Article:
Hair Plays So. Carolina Engagement, But Cops Nab Actors On Dope Rap
Variety - December 1, 1971


Spartanburg, S.C. - November 30, - A touring production of Hair closed a five-night run here Nov. 23, after cancellation of all its advertising by local morning and afternoon dalies.  Two cast members were left behind in police custody on narcotics charges with their bonds set at a total of $35,000.

Police didn't interfere with performances of the rock musical, despite the press attack and the advertising blackout.  Shortly after the final show, however, city and county narcotics agents raided a motel and arrested Kenneth J. Ortega, 21, of Palo Alto, Calif., and Gregg Daniel Nagasawa, 18, of Sacramento on charges of violating the state's narcotics laws.  The other members of the Hair company left Spartanburg the next day for dates in Atlanta and Joacksonville.  Ortega and Nagasawa pleaded not guilty.

Under South Carolina law, the charges must be disposed of in Spartanburg County General Sessions (circuit criminal) Court which does not convene here until January.  The County Jury has not acted on the charges.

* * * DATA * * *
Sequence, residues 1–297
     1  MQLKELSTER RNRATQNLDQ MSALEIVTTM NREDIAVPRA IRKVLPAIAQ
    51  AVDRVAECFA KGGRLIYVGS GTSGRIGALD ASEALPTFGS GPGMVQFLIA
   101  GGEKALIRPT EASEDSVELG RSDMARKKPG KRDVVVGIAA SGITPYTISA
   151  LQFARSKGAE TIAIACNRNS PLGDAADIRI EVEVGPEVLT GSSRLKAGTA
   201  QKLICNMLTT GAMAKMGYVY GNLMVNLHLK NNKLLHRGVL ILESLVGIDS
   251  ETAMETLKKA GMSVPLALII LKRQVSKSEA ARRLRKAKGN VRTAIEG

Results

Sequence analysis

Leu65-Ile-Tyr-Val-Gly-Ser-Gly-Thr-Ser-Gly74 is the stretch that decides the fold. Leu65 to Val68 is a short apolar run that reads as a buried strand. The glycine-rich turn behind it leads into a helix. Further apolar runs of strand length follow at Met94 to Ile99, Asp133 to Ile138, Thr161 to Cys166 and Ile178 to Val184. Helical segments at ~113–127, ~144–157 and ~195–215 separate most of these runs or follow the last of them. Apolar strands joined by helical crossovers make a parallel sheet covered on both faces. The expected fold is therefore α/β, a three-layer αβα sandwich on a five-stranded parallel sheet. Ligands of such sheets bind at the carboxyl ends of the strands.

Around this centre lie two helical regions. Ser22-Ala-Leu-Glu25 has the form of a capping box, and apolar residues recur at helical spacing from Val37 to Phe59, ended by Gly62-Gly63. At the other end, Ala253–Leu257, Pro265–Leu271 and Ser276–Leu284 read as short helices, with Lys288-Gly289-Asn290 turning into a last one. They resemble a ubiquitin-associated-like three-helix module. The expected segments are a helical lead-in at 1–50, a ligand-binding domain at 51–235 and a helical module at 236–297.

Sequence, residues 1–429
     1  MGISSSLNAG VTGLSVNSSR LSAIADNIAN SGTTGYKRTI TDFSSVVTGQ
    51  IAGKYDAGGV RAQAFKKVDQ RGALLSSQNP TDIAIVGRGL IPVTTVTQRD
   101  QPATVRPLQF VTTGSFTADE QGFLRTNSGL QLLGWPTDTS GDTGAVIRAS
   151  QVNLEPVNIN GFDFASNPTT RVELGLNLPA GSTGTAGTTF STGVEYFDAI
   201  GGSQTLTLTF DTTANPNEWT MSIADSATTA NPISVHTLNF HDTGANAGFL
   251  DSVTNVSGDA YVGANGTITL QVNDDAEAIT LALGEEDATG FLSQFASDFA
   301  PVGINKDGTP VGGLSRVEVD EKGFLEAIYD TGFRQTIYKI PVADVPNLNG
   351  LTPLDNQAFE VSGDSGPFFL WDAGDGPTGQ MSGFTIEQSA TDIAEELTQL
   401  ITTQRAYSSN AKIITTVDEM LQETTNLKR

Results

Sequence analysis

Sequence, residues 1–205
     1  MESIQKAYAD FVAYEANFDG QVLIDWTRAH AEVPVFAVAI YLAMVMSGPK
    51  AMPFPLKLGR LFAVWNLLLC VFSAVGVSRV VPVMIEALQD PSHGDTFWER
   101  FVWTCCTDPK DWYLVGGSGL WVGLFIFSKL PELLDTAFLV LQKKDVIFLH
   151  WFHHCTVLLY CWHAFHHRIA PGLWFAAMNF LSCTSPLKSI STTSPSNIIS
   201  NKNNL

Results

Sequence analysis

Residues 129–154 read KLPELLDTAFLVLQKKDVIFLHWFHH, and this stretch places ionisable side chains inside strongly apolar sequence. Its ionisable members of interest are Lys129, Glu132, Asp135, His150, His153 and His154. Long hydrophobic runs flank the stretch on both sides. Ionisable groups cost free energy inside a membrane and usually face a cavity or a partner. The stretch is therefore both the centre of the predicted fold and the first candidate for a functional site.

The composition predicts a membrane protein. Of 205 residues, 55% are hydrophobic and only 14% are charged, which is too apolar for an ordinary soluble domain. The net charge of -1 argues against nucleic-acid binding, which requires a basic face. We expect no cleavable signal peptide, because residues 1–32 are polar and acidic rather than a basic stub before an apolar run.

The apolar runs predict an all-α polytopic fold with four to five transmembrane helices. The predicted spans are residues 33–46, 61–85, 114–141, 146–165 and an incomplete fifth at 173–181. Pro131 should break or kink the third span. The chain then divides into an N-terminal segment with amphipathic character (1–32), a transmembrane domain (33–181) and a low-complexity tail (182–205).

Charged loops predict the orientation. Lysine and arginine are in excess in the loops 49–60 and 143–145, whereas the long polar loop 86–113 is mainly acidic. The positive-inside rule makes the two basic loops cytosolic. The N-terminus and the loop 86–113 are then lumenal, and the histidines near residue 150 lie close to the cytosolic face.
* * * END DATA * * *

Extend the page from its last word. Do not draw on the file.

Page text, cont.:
The jointly-owned Spartanburg Herald and Journal launched their attack a few hours after the first performance.  There had been no protests by clergymen of Spartanburg's numerous churches.  Police said the press attacks and advertising blackout and the raid and arrests were not related.

Hair, which preceeded its stand in Spartanburg with extensive advertising, managed to make print with only one spread before the boom was lowered by Herald-Journal Publisher Fred Moffitt.  The morning after the show opened to a capacity crowd in 3,000-plus seats Spartanburg Memorial Auditorium, The Herald published a Page One editorial announcement that the show did not meet the paper's standards and would no longer be accepted.

Earlythis year both papers barred inclusion of illustartions in all X-rated film advertisments and shortly thereafter banned publication of all porno pix advertising.

Moffitt followed up the day after publishing the ban notice with a personally signed two-column editorial page, captioned, "Hair, A Bore of Obscenity."

Copyright Variety.

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